Many thanks indeed for all your replies, it is much appreciated. Some of the comments have made me think, including that of why not start with a 30mp MFDB. Given the stitching features on some of these bodies, it seems that boosting file size (off say a 30mp back) might be pretty feasible, even if it takes me away (to some degree) from the zen simplicity of a "one click" shot. I think my initial goal of a film back partly reflected my ongoing attraction to film (and as an antidote to my "digital" Leica rangefinder), whilst wanting to build that film experience into a more precise tool than the never-perfectly-aligned standards and film/ground glass on a 4x5 that could sometimes ditch some of LF's resolving ability ...... but indeed a 120 back does seem a bit tight for many tech cams.

    With that in mind, for those with Alpas, is a key difference between the Max and the STC mostly to do with the latter being limited to a single row stitch (one row of say 3 files) whilst the Max facilitates multi row stitching (say, 2 rows of 3 files in each). The movements in a given direction, eg, for front rise and fall look pretty comparable?

  12. #12
    Senior Member
    Join Date
    Sep 2009
    Posts
    1,588
    Post Thanks / Like

    Re: Tech Cam - but with 120 film back to start with?

    I just took a look at the MAX on Alpa's website. I've not seen one in person, but it seems the best thing about it is that you can employ vertical and horizontal shifts on the back at the same time. In this sense, you can stitch on one axis AND employ perspective corrections, or do, for example, an epic 9 shot stitch. The STC only allows for stitching OR perspective control on one axis. Not ideal, in my book. On the other hand, the MAX looks pretty massive for what it does.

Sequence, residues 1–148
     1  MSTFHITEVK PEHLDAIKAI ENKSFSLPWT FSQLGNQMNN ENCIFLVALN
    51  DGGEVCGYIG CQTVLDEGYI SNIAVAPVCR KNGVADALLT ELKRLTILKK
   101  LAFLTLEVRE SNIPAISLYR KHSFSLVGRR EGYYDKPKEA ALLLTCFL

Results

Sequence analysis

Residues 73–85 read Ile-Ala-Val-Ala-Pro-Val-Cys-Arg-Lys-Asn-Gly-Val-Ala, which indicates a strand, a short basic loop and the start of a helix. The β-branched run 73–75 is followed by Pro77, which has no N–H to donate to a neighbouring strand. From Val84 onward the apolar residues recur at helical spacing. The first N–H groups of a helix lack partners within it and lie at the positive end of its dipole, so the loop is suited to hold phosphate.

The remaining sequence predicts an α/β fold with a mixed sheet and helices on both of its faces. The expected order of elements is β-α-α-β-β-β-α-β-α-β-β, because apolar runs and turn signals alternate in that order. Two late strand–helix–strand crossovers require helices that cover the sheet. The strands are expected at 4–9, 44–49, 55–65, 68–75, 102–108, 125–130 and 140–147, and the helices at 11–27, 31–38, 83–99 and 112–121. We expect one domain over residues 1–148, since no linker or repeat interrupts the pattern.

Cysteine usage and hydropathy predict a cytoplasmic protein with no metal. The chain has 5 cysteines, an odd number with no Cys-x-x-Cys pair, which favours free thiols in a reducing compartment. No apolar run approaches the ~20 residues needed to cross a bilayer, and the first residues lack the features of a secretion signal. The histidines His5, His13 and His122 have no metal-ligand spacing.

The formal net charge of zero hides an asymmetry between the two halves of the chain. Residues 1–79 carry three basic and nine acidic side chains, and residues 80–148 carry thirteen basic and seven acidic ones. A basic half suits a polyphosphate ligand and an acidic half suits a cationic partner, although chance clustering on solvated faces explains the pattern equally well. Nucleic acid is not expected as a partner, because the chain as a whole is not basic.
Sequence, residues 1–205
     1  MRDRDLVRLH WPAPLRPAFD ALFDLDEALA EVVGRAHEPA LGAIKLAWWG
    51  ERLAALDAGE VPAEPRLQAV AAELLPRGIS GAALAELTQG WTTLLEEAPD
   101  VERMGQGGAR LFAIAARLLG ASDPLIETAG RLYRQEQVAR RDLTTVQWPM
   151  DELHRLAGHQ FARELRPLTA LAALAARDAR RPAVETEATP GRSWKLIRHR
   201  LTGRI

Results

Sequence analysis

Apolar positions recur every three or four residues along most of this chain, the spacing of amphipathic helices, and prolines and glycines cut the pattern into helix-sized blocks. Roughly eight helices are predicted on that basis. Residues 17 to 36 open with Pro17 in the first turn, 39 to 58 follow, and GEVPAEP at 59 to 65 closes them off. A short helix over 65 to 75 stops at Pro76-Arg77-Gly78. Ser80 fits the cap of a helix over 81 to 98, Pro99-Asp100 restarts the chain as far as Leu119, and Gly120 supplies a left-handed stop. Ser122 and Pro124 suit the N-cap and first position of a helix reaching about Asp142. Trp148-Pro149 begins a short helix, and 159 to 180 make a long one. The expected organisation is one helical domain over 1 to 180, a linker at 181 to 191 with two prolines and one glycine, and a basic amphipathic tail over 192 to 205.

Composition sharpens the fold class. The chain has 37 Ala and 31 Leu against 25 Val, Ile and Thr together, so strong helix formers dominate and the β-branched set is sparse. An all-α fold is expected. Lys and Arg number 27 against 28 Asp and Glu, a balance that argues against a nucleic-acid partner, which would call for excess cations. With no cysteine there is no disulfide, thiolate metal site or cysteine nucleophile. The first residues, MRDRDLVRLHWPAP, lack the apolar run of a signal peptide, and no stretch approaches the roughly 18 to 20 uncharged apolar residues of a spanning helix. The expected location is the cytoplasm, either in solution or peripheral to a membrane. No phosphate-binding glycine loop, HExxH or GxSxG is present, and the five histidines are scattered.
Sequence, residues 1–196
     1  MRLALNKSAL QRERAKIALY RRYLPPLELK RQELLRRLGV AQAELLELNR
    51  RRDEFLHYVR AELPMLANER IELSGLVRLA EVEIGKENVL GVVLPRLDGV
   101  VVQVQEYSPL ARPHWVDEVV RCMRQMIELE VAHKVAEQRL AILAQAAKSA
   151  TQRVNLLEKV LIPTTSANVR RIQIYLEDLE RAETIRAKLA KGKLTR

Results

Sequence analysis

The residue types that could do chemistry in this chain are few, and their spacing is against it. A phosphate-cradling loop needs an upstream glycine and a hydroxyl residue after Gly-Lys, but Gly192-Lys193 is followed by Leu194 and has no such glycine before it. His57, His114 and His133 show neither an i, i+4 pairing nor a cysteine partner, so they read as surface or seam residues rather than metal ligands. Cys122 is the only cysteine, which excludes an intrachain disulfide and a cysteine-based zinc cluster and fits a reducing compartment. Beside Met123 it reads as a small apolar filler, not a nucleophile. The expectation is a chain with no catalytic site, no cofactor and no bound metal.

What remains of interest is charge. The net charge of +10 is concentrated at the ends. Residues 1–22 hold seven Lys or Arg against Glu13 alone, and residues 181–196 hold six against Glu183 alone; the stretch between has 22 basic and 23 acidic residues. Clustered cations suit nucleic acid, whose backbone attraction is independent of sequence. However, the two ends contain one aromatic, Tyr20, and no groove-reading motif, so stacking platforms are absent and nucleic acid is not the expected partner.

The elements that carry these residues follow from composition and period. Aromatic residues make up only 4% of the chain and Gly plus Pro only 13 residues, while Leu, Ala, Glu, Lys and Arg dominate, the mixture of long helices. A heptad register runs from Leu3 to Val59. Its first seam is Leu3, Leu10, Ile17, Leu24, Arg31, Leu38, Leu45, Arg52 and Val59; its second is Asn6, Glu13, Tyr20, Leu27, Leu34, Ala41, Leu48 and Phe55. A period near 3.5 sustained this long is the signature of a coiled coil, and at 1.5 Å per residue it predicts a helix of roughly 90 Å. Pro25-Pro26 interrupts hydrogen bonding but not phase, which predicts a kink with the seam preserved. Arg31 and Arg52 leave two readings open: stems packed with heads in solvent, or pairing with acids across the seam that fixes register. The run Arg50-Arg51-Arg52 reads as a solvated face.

If you are to consider the newer CMOS live view backs and envisage you will work solely on a tripod – not everyones cup of tea, for sure – then I'd strongly recommend looking at the Linhof Techno with the new rapid stitching slide. This slide allows you to stitch on one axis, employ back rise and / or fall plus all lens movements simultaneously. This is one of the main reasons I am looking into a CFV-50c back.

    PS: With CCD backs, the Techno requires the use of a sliding back which is quite big. This, and the need to focus using a ground glass. I like using a ground glass, but a lot of people are allergic to it.

  13. #13
    Senior Member darr's Avatar
    Join Date
    Jan 2009
    Location
    North Florida
    Posts
    984
    Post Thanks / Like

    Re: Tech Cam - but with 120 film back to start with?

    Quote Originally Posted by tjv View Post
    ... the MAX looks pretty massive for what it does.

    Actually the Max is quite small and lightweight. Mine is about 7" x 8" x 1/2". It weights about 2.5 pounds without a lens, back etc. It is the easiest camera to transport and store that I have owned and I have owned many different types of cameras from Linhof, Arca Swiss, Hasselblad, Mamiya, Ebony and more. Get an ALPA if you can afford it; you will not regret it.

    Kind regards,
    Darr
    "Creativity takes courage." ~ Henri Matisse
    Darlene Almeda, photoscapes.com
    Likes 2 Member(s) liked this post

  14. #14
    Senior Member
    Join Date
    Sep 2009
    Posts
    1,588
    Post Thanks / Like

    Re: Tech Cam - but with 120 film back to start with?

    I've always lusted after an Alpa... "Slumming" it with Linhof! :-)